• Processing issue delays bar exam submissions

    Updated: 13 hr ago

    BUFFALO, N.Y. (AP) — Law school graduates sweated their way through the second and final day of their bar exams Wednesday, some relieved to see paper and pencil after running into a technical glitch that kept test takers in several states from uploading the first day's answers from their computers. The Florida-based software provider ExamSoft Worldwide Inc. said the processing problem created a six-hour backlog that had been cleared by early Wednesday morning. The cause was being investigated, spokesman Kenneth Knotts said.

  • Ticket me Elmo: NYC weighs street character law

    Updated: 14 hr ago

    NEW YORK (AP) — A summer spike in costumed characters behaving badly in Times Square — most recently a Spider-Man accused of punching a police officer — has turned up the heat on plans to regulate the legions of Elmos, Cookie Monsters and Statues of Liberty who often demand money for posing in photos with tourists. "This has gone too far," a frustrated Mayor Bill de Blasio said this week. "It's time to take some real steps to regulate this reality." But that could be easier said than done. Legal experts say proposals for a city law to rein in the characters — possibly by requiring licenses and background checks — could violate free-speech rights.

  • Portland, Oregon, council OKs short-term rentals

    Updated: 14 hr ago

    PORTLAND, Ore. (AP) — The Portland, Oregon, City Council has voted to legalize short-term rentals in single-family homes, giving added legitimacy to rental websites such as Airbnb. Homeowners will be allowed to rent one or two bedrooms once a safety inspection is done and neighbors are notified. The city is requiring rental websites to collect lodging taxes. Airbnb says it started doing that July 1 in anticipation of Wednesday's vote. Mayor Charlie Hales and the city commissioners say they want Portland to be active in what they called the "sharing economy." Later this year, they plan to discuss whether to also legalize short-term rentals in apartment buildings.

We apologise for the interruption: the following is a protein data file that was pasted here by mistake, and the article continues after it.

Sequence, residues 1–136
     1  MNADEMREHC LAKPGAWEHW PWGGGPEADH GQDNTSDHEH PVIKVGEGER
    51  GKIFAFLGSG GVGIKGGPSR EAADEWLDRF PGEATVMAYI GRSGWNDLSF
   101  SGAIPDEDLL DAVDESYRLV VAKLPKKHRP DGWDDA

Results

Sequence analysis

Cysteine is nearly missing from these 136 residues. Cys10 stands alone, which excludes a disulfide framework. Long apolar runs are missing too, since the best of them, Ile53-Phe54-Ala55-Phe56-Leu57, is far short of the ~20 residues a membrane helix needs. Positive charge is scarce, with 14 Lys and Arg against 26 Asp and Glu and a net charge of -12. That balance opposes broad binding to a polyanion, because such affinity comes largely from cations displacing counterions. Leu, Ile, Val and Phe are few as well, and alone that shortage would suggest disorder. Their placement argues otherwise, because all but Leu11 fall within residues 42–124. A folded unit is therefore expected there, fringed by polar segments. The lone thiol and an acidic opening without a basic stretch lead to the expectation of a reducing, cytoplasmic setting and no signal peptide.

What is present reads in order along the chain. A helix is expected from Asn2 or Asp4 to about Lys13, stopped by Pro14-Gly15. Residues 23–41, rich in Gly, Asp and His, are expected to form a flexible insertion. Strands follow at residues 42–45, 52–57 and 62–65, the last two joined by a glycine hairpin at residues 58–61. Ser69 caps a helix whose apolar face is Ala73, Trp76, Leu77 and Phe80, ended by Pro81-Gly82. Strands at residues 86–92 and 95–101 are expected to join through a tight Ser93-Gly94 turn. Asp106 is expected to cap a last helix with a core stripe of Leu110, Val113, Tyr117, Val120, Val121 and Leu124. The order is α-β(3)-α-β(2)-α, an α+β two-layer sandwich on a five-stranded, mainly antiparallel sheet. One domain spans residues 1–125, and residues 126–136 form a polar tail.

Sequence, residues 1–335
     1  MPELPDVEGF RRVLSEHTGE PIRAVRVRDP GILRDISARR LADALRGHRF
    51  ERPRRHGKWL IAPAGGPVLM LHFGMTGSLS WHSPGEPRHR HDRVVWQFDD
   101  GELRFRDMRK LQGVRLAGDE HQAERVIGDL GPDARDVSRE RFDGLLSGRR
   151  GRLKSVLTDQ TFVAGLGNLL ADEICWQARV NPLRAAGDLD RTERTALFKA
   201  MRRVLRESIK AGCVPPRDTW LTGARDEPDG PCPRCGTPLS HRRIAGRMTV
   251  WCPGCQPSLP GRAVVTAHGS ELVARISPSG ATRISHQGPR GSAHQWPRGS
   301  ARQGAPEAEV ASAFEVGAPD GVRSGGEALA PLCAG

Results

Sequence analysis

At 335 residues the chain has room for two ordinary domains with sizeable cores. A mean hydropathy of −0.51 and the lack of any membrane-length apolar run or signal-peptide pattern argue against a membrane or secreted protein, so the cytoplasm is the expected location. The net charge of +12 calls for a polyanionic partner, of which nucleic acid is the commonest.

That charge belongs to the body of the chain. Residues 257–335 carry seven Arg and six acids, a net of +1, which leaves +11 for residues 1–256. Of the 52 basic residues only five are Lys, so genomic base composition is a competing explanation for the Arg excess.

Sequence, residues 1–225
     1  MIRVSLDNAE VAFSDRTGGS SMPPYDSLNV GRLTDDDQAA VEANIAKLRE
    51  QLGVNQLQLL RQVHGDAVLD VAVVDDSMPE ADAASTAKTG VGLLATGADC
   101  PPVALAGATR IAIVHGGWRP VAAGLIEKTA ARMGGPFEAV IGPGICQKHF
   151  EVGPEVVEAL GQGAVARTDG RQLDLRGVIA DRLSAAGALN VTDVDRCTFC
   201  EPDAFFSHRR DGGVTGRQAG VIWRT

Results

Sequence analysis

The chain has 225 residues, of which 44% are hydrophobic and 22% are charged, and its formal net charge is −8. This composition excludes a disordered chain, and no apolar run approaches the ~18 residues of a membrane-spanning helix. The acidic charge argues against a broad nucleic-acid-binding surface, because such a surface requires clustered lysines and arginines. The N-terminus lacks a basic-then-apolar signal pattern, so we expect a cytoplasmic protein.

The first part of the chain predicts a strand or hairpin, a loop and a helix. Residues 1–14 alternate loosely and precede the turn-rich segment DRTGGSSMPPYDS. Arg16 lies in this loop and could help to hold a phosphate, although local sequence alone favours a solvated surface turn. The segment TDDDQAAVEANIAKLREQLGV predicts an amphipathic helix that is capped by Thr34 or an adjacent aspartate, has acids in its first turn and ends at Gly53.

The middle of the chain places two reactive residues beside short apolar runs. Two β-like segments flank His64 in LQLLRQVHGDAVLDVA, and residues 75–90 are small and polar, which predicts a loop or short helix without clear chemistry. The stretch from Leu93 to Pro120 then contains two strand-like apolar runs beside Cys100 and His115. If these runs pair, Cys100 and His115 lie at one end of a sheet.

• Ad Watch: Claims in Pennsylvania governor's race

    Updated: 14 hr ago

    A look at key claims being made in TV ads that are being aired in Pennsylvania's campaign for governor ahead of the Nov. 4 election. ____ THEME: Republican Gov. Tom Corbett attacks Democrat Tom Wolf TITLE: "Hyper Tour" LENGTH: 30 seconds AIRING: TV stations statewide starting July 23 KEY CLAIMS: "When Tom Wolf was the state's top tax collector, he tried to raise taxes on almost everything. Wolf called for a new garbage tax, and home heating and electric tax. Wolf even tried increasing the state sales tax. Now Wolf says as governor he'd raise the income tax on many workers. But thanks to Wolf, one person got lower taxes. Tom Wolf. Wolf's company moved to Delaware to avoid paying the same taxes he forced

  • Tons of coal ash removed from old SC power plant

    Updated: 15 hr ago

    CONWAY, S.C. (AP) — Santee Cooper has removed 42,000 tons of coal ash from ash lagoons at its old Grainger Generating Station near Conway. The Southern Environmental Law Center said Wednesday the information is contained in a report released this week. Last year, the center reached an agreement to have the utility remove 1.3 million tons of ash from the plant site on the Waccamaw River. The center had sued on behalf of environmental groups claiming the lagoons discharged arsenic into the groundwater and river. The SELC said at the current rate, the ash will be removed within six years, well ahead of the 10 years required in the settlement.

  • Tri-state coal interests rally before hearings

    Updated: 15 hr ago